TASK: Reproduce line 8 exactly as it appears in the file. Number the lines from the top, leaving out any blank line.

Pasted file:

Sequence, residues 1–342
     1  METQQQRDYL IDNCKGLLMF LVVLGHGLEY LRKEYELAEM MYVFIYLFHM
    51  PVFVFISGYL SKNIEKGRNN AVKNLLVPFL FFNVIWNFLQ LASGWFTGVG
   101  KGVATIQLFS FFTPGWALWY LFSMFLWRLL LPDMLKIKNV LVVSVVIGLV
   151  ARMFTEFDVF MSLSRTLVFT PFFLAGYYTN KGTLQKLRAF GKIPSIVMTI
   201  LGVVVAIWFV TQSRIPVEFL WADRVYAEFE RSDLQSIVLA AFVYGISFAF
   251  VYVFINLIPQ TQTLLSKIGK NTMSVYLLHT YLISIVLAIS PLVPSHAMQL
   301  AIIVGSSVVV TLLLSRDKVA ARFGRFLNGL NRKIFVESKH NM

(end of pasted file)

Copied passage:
   301  AIIVGSSVVV TLLLSRDKVA ARFGRFLNGL NRKIFVESKH NM